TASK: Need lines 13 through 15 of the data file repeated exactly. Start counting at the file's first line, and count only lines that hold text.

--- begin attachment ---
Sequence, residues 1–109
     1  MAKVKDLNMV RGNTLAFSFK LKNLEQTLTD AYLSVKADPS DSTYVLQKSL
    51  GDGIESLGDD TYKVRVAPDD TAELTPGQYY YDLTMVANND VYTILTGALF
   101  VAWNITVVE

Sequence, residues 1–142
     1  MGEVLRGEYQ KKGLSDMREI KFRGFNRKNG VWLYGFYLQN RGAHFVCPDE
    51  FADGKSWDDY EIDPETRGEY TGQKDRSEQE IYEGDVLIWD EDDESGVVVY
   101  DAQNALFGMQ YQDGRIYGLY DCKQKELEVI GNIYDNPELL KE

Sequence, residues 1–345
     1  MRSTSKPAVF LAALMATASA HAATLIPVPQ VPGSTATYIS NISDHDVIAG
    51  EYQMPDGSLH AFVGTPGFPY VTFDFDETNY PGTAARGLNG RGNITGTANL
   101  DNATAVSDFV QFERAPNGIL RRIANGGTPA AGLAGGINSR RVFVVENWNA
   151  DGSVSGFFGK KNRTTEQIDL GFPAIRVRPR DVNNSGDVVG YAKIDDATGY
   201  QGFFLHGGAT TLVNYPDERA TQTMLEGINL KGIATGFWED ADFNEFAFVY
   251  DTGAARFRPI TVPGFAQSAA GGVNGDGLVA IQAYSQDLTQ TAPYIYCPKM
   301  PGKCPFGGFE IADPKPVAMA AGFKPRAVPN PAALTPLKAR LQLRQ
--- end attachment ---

   151  DGSVSGFFGK KNRTTEQIDL GFPAIRVRPR DVNNSGDVVG YAKIDDATGY
   201  QGFFLHGGAT TLVNYPDERA TQTMLEGINL KGIATGFWED ADFNEFAFVY
   251  DTGAARFRPI TVPGFAQSAA GGVNGDGLVA IQAYSQDLTQ TAPYIYCPKM